When your USB sound interface or microphone doesn’t have a headphone output that lets you monitor your voice, and your recording software doesn’t have a direct monitor function either, there are a few tools that can help.
These come with your Mac, but there might be a significant delay or CPU load, which can make these options unusable. But why not try them first?
- Launch Quicktime
File > New Audio Recording
- Select your microphone using the small
vnext to the recording button
- Slide the volume control all the way to the right
You should now hear yourself in your headphones. No need to actually record in Quicktime.
- Start with an empty project or if using a template, delete pre-configured tracks (mark track, then
Track > Delete Track)
- Add a new track:
Track > New Track...
Instrument Setupand select your devices.
I want to hear my instrument as I play and record.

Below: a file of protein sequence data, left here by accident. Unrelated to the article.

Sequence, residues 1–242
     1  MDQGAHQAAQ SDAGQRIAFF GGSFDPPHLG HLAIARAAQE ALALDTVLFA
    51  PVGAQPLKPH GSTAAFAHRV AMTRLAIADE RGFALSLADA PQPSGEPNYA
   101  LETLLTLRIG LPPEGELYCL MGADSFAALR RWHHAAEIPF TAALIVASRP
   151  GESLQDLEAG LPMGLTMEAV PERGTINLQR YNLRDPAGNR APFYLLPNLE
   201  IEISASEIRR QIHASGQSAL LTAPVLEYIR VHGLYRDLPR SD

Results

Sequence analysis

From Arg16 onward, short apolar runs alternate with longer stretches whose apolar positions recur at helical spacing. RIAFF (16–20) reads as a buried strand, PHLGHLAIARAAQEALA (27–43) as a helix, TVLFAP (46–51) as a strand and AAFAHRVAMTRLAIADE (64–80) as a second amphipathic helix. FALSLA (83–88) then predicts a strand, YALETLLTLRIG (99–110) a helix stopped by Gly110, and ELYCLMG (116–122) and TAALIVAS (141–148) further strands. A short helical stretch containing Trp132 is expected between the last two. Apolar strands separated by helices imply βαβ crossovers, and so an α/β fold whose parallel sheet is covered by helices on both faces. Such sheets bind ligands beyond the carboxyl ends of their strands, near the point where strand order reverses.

- You should now hear yourself.
If necessary, you can adjust the settings at the bottom right (in the
Browse tab). There’s also an orange-colored on/off switch for the monitoring on the track itself.
If the onboard tools don’t do the trick for you, there are a couple alternatives. These are all a bit old, but so far still seem to work well.
This is one of Rogue Amoeba’s legacy applications. They offer it for free and the rest is pretty much self-explanatory.
Download (alternative download) and open it and you’ll see a bunch of files, but all you need is the
AudioMonitor. Drop it into your applications folder. The first time you run it, you will have to right-click it and select
Select your audio devices and click